Friday 30 July 2021

It was a day of rain and wind and I didn't think the Little Owls would be out, but the female came out of the hole between showers. She wasn't in a place for a good picture, though.

The usual Jays followed me round the lake. They were looking a bit bedraggled from the rain.

The Lesser Black-Backed Gulls near the Triangle car park have four young, not just the two I saw earlier. These were chasing their parent begging, playing and looking for food in a puddle, probably snails.

Sad to say, the Great Crested Grebes from the west end of the Serpentine island have lost three of their four chicks -- reasons unknown, but there are a lot of large gulls on the lake and although the chicks can dive very fast they may not be fast enough. The surviving chick was with a parent, both poking around and I think eating small aquatic creatures.

The widowed grebe was resting near the Bluebird Boats platform during a brief sunny spell. Perhaps it will find a new mate when the grebes move to the river in the winter. It is not good for a grebe to be alone.

The Coots in the Italian Garden fountain fed their three chicks. Two followed their parents around, but one preferred to stay in the comfort of the nest.

Caroline Moss was swimming at the Lido when she photographed the Black Swan looking disapprovingly at some Egyptian Geese.

I think this is the old and arthritic Canada x Greylag Goose hybrid. I thought it was long gone. It walked stiffly down to the water to drink.

A Grey Squirrel ate a piece of bread it had found on a table at the Lido restaurant. Some Carrion Crows wanted the bread, but they were afraid to go too near the squirrel, and despite their harassment the squirrel finished the bread.

Duncan Campbell shot this video of a Carrion Crow jumping around pulling seed heads off the grass. I think it's eating the seeds it gets, but it might just be playing.

He also rescued a very wet bumblebee, and here is his story.

'Yesterday we came across a bumblebee that was absolutely soaked -- it must have been caught out in one of the sharp showers we have been having. I was interested because it seemed to be a different shape to any of the bees I had seen.

'It was staggering around on the top of the small compact flowers you can see in the picture -- it was never going to dry out because, as you can see in the picture, large water droplets were on the top of the flowers as well so it was wandering around soaking up as much as it was losing.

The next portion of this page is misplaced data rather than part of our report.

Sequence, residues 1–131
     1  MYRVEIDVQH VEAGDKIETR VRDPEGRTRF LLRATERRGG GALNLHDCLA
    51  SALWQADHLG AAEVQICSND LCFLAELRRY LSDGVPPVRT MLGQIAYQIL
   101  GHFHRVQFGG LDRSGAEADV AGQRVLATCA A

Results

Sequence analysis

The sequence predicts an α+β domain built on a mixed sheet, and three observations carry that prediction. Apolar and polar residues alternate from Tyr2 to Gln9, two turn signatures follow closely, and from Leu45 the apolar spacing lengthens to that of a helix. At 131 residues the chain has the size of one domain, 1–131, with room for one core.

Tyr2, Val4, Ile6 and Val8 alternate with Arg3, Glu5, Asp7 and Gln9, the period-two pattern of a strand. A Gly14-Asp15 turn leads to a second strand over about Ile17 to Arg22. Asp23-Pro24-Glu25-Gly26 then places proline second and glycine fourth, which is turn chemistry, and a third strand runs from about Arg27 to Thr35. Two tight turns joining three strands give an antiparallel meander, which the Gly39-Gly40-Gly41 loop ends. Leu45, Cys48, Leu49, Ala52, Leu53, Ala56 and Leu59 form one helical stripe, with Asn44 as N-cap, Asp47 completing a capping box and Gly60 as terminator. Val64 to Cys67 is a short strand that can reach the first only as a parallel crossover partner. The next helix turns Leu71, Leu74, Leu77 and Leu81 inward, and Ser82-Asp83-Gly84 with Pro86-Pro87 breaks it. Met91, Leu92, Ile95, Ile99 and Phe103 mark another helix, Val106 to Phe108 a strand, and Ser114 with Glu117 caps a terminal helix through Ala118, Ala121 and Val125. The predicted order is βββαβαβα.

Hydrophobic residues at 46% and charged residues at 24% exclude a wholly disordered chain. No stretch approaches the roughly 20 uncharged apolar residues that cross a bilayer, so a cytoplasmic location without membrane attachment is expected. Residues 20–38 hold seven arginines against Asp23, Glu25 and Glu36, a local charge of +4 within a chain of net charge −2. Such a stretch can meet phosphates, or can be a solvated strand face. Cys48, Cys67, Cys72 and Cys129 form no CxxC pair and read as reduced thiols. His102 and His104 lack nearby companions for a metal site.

'We picked it up with a stick and it was amazing to see how much moisture was coming off as it crawled up the stick but its wings were still plastered to its back. We then took some tissue paper and picked the bee up and sort of blotted it as best we could -- I could feel its wings buzz in the tissue paper -- lots of water came off. I reckon it must have been carrying close to its own bodyweight in water.

'We then put the bee on Annette's shirt so that it could dry out a bit more. It stayed there for about five minutes and you can see the hairs on its thorax drying out but was still pretty soggy when it flew off. We were well pleased we had helped the bee survive another day.

'The different shape of the bee was of course because the hairs were plastered down by the water. Not sure what species it is but thought it might be a male Red-Tailed Bumblebee.'

Tom was at Rainham Marshes, and got good shots of a Reed Warbler ...

... a female Migrant Hawker dragonfly ...

... and a Gatekeeper butterfly in better condition than the tatty one I photographed yesterday.


  1. Well done Duncan! There has to be a reward for looking out for God's beloved creatures.

    Very sad about the widowed Grebe. What are the chances that he will choose to fly somewhere else to find a mate?

    1. At the first sign of severe frost all the grebes leave for the river, which never freezes. That is the time for him to find an unattached female.